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Mexico: The Shark Fishermen

Manuel Lucero, 65, prepares his son's panga for a day's work shark fishing. His family has worked this region for three generations. The fishermen often work 14 hour days. Image by Dominic Bracco II. Mexico, 2012.

A hammerhead shark lays in a pile of sharks to be finned. Hammerheads are among the most impacted by the fin trade. It's nearly impossible to be sure but some scientists say their numbers have dropped as much as 95 percent. For this reason, the Convention on International Trade in Endangered Species voted recently to increase their protection. Image by Dominic Bracco II. Mexico, 2012.

From left, Manuel Lucero, and his son Cozme Lucero have breakfast and feed their dogs before heading out to fish for shark. Image by Dominic Bracco II. Mexico, 2012.

A fisherman clubs a shark as he pulls it in. Sharks often follow specific migration patterns, though most of them are still mysterious to scientists. A few researchers believe that if they can understand the migration patterns of large ocean-going sharks they can begin to design marine parks that could maximize the potential to preserve these animals. Image by Dominic Bracco II. Mexico, 2012.

Manuel Lucero, 65, pulls line out to catch bait for the "simplera" hook system they use to catch sharks 20 miles offshore. Image by Dominic Bracco II. Mexico, 2012.

A blue shark struggles weakly on a fisherman's hook. An estimated 73 million sharks are caught every year for soup. However, many say this number does not account for undocumented and quasi-legal catches throughout the world. If laws are strengthened, many policymakers worry more fins will just go underground. Image by Dominic Bracco II. Mexico, 2012.

A view of Isla San Lazaro, Baja California. Several generations back, fishermen could catch sharks right offshore, now they venture as far as 100 miles in small pangas. Image by Dominic Bracco II. Mexico, 2012.

While the fishermen are out at sea all day, the women of the community the work around the home and also prepare fish for market. Image by Dominic Bracco II. Mexico, 2012.

A shark and lobster fisherman with his daughter after a day of fishing. Image by Dominic Bracco II. Mexico, 2012.

A female shark is cut open revealing her young. Many sharks lay eggs but others, like this one, give live birth. Part of the reason that shark populations are dropping so fast is that fishermen like the ones at San Lazaro cannot afford to go far out to sea and thus catch juveniles and pregnant females, which travel near the shore. Image by Dominic Bracco II. Mexico, 2012.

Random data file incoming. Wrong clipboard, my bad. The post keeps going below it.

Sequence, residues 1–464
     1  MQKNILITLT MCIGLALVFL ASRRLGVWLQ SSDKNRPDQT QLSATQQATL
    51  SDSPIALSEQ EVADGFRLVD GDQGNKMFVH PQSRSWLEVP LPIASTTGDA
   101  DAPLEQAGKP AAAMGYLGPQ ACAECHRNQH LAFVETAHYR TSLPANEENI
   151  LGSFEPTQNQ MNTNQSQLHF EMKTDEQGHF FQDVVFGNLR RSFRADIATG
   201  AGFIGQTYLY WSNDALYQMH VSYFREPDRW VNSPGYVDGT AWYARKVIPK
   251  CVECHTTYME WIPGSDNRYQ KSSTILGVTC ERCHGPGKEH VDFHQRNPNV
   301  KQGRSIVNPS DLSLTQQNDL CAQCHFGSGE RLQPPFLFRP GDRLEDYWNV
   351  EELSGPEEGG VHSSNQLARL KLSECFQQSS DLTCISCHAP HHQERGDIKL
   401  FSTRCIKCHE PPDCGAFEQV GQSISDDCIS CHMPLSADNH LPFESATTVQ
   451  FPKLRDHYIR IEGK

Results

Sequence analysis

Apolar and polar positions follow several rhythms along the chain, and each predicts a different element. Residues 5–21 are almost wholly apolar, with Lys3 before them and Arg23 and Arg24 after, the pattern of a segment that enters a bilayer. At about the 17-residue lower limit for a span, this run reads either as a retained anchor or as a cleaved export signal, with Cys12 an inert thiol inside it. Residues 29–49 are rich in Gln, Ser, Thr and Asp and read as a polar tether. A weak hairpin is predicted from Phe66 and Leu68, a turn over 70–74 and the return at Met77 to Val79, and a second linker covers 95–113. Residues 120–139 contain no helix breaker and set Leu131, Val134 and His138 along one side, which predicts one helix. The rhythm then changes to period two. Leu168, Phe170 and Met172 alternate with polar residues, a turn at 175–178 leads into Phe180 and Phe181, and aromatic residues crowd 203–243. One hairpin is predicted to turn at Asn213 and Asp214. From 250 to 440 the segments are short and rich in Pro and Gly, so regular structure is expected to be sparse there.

Manuel Lucero places shark fins out to dry. Image by Dominic Bracco II. Mexico, 2012.

Francisco, 17, whose family earns their living from lobster and shark fishing, goes for a swim in the estuary of San Lazaro, Baja California, after a day of fishing. Image by Dominic Bracco II. Mexico, 2012.

Shark fishing in Mexico has always been a game for the strongest, the bravest of fishermen. The seas are fickle, the days are long, and the catch itself dangerous. As a result, shark fishermen tend to be tough-minded and not overly fond of outsiders. But their stories are linked to one of the key issues of ocean conservation today. Perhaps more than any other fish, shark populations are seeing an unprecedented freefall. Due largely to the growing demand in Asia for shark fin soup, some shark populations tumbled to 10, 5, or even 2 percent of their historic levels.

But it would be wrong to demonize the people catching them. Some of these fishermen have turned to shark because the other fish they depended on have disappeared. Some have been fishing shark the same way for 100 years. And others are just trying to capitalize on a valuable catch. With this in mind, Dominic Bracco went to live with them in their camps to find out for himself what drives them and what their future might be.